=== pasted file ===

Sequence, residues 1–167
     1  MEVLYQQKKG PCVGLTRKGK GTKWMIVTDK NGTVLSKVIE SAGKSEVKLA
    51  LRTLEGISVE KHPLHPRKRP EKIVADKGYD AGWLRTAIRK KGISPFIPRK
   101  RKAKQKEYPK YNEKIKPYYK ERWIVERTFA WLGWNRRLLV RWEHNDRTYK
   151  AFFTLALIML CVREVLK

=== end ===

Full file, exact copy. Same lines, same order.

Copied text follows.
Sequence, residues 1–167
     1  MEVLYQQKKG PCVGLTRKGK GTKWMIVTDK NGTVLSKVIE SAGKSEVKLA
    51  LRTLEGISVE KHPLHPRKRP EKIVADKGYD AGWLRTAIRK KGISPFIPRK
   101  RKAKQKEYPK YNEKIKPYYK ERWIVERTFA WLGWNRRLLV RWEHNDRTYK
   151  AFFTLALIML CVREVLK